Space company Rocket Lab has successfully launched a secret payload for the United States National Reconnaissance Office (NRO).
The Rocket Lab Electron rocket blasted off from the company’s Launch Complex One on the Māhia Peninsula of New Zealand’s north island late Friday afternoon local time.
This was Rocket Lab’s 11th Electron mission, the first launch for 2020 and the first dedicated launch of an NRO payload from New Zealand.
The mission, titled “Birds of a Feather”, was completely successful with the payload deployed into orbit.
The NRO selected Rocket Lab’s Electron rocket for the mission through a competitively awarded contract under the Rapid Acquisition of a Small Rocket (RASR) contract.
RASR allows the NRO to explore new launch opportunities that can provide a streamlined, commercial approach for getting small satellites into space.
The NRO develops and launches the US intelligence satellites. Consequently, nothing has been revealed about the satellite to be launched on Birds of a Feather.
Rocket Lab founder and chief executive Peter Beck said starting the 2020 launch manifest with a successful mission for the NRO was an immensely proud moment for the team.
“It once again demonstrated our commitment to providing responsive, dedicated access to space for government small satellites,” he said.
“Thank you to the NRO for selecting Electron for this historic mission, and congratulations to the Rocket Lab team on another flawless launch that continues our heritage of 100 per cent mission success for customers.”
The primary objective of this launch was to deploy the NRO payload to its final orbit, which was achieved as planned.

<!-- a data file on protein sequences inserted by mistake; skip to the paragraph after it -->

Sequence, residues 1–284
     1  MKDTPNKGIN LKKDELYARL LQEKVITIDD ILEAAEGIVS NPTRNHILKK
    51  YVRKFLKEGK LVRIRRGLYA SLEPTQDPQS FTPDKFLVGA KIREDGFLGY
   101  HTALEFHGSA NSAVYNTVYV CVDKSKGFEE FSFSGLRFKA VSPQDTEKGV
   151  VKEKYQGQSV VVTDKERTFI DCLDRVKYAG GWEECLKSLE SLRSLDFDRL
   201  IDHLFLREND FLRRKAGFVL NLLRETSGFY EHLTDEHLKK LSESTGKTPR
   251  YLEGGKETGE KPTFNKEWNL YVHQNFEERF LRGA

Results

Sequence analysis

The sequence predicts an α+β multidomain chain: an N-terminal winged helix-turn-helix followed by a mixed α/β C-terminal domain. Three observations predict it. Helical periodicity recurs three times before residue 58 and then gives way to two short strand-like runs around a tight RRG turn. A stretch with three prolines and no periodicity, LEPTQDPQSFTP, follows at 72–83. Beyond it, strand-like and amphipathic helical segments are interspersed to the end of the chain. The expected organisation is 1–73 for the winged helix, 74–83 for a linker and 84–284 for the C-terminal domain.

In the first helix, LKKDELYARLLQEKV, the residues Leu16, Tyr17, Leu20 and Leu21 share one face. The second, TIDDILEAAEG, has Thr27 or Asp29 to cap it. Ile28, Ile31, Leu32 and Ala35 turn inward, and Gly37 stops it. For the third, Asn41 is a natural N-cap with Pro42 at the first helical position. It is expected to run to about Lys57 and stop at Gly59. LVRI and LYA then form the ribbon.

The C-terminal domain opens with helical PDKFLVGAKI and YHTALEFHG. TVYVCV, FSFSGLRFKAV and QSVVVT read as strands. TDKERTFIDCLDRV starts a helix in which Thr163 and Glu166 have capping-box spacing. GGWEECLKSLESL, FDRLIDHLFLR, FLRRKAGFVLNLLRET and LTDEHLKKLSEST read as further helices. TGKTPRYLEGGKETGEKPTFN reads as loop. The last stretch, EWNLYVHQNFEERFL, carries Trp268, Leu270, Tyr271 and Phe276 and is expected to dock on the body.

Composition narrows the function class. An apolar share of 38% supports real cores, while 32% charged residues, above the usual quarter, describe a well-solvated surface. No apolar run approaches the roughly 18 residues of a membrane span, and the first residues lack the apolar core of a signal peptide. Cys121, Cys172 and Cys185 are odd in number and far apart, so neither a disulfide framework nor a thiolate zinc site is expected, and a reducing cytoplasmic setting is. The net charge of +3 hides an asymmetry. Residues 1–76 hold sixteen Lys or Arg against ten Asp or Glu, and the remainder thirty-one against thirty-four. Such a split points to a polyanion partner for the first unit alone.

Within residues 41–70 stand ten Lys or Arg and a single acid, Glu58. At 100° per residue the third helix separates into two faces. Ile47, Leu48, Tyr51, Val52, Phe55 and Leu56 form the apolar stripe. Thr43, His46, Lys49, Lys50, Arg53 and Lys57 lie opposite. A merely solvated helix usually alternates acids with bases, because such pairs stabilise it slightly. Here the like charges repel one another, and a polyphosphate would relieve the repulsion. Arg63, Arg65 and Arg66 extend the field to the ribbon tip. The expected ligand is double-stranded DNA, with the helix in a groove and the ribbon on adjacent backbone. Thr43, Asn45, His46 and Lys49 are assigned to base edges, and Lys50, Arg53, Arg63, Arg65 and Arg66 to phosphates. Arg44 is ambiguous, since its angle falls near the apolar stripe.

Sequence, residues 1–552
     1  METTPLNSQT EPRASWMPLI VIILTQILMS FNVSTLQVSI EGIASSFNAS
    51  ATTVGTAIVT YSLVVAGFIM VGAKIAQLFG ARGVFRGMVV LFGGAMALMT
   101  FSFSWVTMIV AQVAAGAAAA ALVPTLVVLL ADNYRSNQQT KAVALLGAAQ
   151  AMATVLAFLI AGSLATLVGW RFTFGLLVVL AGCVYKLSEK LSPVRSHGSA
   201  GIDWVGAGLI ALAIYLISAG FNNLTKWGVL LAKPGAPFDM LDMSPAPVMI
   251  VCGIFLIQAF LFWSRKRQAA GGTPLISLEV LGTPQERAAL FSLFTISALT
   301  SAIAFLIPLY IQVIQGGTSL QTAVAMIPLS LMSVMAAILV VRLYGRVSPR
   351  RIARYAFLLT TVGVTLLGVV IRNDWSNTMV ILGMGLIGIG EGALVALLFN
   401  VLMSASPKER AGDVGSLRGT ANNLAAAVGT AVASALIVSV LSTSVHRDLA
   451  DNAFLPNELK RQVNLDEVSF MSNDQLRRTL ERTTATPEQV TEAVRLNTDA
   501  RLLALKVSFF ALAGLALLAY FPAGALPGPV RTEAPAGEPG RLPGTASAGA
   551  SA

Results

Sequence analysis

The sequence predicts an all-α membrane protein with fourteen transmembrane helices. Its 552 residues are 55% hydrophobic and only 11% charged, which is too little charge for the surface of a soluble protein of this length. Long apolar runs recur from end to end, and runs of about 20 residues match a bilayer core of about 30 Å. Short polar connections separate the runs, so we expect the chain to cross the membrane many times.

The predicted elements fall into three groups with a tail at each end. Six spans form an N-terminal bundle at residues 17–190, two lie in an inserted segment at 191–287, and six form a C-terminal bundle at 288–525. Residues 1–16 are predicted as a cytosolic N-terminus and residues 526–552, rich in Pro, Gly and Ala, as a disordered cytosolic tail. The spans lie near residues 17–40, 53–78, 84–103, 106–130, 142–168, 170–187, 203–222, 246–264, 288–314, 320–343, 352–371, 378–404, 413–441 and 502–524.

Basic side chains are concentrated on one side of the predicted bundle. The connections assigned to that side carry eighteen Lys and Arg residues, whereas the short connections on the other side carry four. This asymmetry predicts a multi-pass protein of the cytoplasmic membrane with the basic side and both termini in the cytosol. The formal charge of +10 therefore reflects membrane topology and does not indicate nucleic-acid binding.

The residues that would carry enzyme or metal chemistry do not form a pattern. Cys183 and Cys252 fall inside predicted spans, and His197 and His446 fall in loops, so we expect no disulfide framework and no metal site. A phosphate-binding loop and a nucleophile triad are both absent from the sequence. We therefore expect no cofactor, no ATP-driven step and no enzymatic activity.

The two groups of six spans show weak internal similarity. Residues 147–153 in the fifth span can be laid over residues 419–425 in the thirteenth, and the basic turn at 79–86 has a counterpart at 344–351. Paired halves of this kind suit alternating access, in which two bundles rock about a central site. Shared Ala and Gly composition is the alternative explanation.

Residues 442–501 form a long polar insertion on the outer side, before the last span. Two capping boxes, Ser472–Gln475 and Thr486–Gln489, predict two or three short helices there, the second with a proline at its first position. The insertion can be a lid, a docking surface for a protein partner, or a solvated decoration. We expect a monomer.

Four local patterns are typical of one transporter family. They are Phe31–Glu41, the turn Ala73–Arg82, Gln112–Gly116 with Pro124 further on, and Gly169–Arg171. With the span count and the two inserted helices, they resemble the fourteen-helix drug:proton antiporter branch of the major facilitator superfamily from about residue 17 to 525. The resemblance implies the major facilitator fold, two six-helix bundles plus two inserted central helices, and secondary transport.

Rocket Lab also achieved a secondary objective by conducting another guided re-entry of Electron’s first stage in a step towards the company’s goal of reusing its rocket boosters.
This was the second time Rocket Lab has guided an Electron first stage booster down to sea level and following the first successful re-entry test conducted on the Running Out of Fingers mission in December.
Rocket Lab said initial analysis indicated the stage made it back to sea level intact following a guided descent, proving that Electron can withstand the immense heat and forces generated on re-entry.
To direct the stage to a planned splashdown, Electron’s first stage was equipped with guidance and navigation hardware, including S-band telemetry and onboard flight computer systems.
The stage was also equipped with a reaction control system to orient the booster 180-degrees for its descent and keep it dynamically stable for the re-entry.
The Birds of a Feather launch kicked off a busy year of activity for Rocket Lab, with monthly Electron launches through the year.
This will include the first US mission from Rocket Lab’s Launch Complex 2 in Wallops, Virginia.
Construction is also under way on a third launch pad at the New Zealand Launch Complex and at the new Rocket Lab Headquarters and Production Complex in Long Beach, California.
“2020 will also see the first launch of Rocket Lab’s in-house designed and built Photon satellites, a significant step towards offering beyond low-Earth orbit capabilities, including lunar orbits for small satellites,” the company said.
Receive the latest developments and updates on Australia’s space industry direct to your inbox. Subscribe today to Space Connect here.